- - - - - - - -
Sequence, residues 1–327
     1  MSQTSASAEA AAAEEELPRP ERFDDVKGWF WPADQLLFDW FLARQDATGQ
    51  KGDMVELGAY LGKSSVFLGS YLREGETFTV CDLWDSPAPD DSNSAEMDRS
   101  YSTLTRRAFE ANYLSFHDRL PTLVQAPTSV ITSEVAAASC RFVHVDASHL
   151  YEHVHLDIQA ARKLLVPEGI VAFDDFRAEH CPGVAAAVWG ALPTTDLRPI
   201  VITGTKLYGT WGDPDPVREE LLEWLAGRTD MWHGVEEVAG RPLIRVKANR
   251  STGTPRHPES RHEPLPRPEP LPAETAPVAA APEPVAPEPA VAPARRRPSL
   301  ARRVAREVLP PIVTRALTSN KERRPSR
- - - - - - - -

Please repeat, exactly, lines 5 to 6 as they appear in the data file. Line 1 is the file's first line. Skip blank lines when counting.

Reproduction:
   151  YEHVHLDIQA ARKLLVPEGI VAFDDFRAEH CPGVAAAVWG ALPTTDLRPI
   201  VITGTKLYGT WGDPDPVREE LLEWLAGRTD MWHGVEEVAG RPLIRVKANR